In the second of my two recent posts (here and here) about reaching an objective judgement about the quality of works of art (and in particular, music) I proposed some criteria for reaching such a judgement.
I also mentioned that Jackson Pollock's name had been mentioned in this regard, and now I want to return to that, and as a result propose one further criterion.
I do not like Pollock's work. I find it does not move me; I am not sure what it is trying to do, and therefore cannot evaluate how well it does it. I question whether it really demonstrates any skill, or any insight. So, in my judgement, it does not meet many of the criteria I proposed. However, I also recognise that all of that is a subjective perspective, and at least in part based on my ignorance. Others clearly think it is art of stature.
I compare my reaction to Pollock with my reaction to Mondrian. At first glance, I had a similar view of Mondrian's work; but the more I see of it, (particularly originals - his work does not reproduce well, I find) the more I question that. I think he really is onto something, though I would struggle to say what.
But again, I recognise that is a subjective view. And there is (a large) part of me that wonders if most modern art has lost its way, and is pulling a fast one, as it were. And that too is a subjective view.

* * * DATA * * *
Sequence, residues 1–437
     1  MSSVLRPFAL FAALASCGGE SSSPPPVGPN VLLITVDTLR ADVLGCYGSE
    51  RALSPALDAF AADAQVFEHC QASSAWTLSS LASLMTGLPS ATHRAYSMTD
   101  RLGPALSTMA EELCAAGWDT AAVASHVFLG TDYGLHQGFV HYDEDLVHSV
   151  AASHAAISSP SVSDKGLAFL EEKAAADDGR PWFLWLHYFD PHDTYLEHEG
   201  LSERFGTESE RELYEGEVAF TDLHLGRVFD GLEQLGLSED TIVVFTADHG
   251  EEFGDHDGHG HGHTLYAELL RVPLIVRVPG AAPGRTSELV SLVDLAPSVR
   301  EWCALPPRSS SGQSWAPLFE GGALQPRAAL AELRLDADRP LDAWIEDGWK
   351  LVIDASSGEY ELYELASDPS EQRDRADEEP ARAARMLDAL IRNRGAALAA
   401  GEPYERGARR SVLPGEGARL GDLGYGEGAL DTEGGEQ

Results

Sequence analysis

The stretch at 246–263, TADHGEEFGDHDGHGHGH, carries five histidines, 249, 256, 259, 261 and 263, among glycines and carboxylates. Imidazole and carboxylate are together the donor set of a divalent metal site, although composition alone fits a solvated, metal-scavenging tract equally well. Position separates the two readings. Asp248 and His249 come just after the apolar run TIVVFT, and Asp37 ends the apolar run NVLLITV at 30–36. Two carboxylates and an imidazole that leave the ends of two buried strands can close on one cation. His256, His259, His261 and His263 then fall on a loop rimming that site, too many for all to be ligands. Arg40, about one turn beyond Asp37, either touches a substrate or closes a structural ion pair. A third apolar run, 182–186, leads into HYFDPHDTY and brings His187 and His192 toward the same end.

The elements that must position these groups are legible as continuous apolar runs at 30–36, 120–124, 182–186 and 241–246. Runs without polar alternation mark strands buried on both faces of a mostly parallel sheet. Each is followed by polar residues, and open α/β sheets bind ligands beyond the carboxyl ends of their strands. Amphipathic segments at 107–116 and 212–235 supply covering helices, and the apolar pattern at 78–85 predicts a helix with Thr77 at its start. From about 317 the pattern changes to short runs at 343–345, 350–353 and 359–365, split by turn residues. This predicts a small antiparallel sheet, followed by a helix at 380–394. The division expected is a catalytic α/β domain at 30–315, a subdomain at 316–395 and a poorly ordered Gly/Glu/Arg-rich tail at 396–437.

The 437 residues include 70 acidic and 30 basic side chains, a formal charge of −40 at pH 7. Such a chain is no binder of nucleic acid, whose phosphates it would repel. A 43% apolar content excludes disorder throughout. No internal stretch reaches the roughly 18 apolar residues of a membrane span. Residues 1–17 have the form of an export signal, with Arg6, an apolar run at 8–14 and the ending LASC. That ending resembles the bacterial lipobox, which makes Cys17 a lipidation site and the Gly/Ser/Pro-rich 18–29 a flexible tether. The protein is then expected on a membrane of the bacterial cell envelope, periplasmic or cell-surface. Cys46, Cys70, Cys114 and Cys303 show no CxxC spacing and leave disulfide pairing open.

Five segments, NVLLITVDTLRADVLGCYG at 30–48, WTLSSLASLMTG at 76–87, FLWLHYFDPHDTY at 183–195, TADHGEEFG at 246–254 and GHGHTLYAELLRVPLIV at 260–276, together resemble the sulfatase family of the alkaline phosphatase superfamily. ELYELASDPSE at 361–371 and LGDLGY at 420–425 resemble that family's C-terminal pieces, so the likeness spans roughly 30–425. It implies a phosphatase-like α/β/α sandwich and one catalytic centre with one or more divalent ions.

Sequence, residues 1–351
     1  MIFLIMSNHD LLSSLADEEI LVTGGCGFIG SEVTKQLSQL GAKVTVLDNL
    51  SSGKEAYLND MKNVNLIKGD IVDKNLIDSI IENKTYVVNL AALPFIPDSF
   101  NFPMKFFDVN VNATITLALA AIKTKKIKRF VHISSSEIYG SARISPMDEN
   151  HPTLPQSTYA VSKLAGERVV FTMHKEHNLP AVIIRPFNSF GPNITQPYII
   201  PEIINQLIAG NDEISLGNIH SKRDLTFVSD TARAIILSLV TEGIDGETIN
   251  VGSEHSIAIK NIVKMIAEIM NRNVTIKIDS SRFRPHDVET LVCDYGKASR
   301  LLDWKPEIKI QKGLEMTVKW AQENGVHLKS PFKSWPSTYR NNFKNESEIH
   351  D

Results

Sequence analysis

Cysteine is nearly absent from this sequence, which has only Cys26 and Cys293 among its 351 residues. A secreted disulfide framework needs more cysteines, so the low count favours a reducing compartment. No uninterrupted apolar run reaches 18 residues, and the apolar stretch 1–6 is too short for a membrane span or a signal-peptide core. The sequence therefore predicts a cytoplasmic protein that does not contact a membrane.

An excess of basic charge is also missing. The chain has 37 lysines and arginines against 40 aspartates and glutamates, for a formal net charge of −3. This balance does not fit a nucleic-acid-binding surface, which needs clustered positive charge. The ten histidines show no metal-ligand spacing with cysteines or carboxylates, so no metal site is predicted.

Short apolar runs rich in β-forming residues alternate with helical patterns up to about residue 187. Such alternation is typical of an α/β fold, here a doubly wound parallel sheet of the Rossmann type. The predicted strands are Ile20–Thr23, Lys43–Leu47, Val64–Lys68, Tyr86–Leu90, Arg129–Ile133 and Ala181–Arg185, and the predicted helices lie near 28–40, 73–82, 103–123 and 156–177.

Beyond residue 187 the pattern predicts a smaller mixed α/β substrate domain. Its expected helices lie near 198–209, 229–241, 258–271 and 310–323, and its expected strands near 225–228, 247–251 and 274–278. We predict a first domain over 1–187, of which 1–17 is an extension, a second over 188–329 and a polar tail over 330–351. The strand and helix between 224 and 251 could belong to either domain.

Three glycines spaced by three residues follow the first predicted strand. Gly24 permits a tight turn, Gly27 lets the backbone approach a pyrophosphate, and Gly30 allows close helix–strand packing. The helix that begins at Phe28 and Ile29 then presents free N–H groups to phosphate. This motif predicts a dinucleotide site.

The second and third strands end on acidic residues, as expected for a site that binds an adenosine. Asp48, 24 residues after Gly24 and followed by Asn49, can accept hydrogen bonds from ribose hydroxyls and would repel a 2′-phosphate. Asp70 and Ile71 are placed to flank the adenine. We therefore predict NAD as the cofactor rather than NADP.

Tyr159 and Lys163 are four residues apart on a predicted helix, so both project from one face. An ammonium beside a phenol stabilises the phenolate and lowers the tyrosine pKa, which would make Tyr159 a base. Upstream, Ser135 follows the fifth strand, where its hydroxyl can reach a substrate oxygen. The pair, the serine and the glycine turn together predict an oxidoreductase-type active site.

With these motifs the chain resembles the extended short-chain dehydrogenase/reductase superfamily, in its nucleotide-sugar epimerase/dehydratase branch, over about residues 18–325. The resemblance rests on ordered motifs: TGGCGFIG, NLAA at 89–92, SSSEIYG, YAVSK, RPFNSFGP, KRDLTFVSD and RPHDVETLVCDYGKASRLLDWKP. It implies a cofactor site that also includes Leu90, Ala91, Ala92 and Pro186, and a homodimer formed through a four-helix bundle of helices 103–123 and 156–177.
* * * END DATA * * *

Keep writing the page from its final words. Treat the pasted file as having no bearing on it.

So I am prepared to hold fire, and not have a strong opinion (well, I do on Tracey Emin and Damien Hirst, but the less said about them, the better). Nor do I find there are many cultural or artistic critics in whom I have sufficient confidence to accept their judgements pro or contra.
The same is true of some modern music: serialism does nothing for me, for example. But that may be a failing in me, not least due to a lack of education and understanding.
But the most important additional criterion, I think, is the judgment of time. Artistic judgements are subject to fashion. Even Shakespeare was out of vogue for a period, and during the Restoration there was a marked trend to improve his plays to conform to current tastes. But over time that shakes down: the genius of Beethoven or Van Gogh is clearer with historical perspective.
So I am happy to remain agnostic about Pollock and Mondrian, and let our descendants be the judges. But that does not, I think, detract from my central thesis that one can make objective statements about the quality of art. It just suggests that education, understanding and perspective may all be necessary in order to do so.
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